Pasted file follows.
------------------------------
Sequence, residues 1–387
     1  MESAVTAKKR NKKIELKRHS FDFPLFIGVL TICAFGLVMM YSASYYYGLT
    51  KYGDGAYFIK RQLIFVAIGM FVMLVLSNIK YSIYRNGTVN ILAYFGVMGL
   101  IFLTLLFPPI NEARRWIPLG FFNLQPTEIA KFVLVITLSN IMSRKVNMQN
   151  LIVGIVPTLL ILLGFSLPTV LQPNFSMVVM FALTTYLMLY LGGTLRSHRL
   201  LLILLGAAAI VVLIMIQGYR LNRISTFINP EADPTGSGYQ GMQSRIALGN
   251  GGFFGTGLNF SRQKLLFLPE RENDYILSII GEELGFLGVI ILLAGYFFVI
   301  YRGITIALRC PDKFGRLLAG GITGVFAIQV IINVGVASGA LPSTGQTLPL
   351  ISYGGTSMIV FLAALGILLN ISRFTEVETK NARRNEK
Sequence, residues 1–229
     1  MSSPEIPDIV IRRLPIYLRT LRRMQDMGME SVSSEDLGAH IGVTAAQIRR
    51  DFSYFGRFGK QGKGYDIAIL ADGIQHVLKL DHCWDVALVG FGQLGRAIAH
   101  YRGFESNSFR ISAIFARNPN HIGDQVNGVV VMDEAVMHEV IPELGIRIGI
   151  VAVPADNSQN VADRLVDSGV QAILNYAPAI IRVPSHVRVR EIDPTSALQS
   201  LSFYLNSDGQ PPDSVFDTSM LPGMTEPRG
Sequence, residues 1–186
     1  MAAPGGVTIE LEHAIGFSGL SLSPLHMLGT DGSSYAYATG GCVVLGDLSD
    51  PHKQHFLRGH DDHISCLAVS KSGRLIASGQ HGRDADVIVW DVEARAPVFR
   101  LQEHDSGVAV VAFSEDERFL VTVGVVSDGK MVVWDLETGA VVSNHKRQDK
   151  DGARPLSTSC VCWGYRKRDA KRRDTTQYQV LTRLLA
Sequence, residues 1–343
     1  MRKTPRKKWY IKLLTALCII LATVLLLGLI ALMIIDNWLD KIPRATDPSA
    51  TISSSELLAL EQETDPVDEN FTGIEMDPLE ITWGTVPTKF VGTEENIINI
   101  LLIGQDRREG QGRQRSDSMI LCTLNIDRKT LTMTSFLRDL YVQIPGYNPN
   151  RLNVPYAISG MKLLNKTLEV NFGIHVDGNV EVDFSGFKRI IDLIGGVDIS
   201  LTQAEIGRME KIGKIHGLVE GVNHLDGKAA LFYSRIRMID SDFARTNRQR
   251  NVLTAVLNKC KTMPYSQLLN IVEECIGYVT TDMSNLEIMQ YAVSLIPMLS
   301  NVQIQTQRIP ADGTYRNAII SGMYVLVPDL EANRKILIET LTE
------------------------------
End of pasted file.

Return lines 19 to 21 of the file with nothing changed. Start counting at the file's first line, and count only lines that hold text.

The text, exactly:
   101  LQEHDSGVAV VAFSEDERFL VTVGVVSDGK MVVWDLETGA VVSNHKRQDK
   151  DGARPLSTSC VCWGYRKRDA KRRDTTQYQV LTRLLA
Sequence, residues 1–343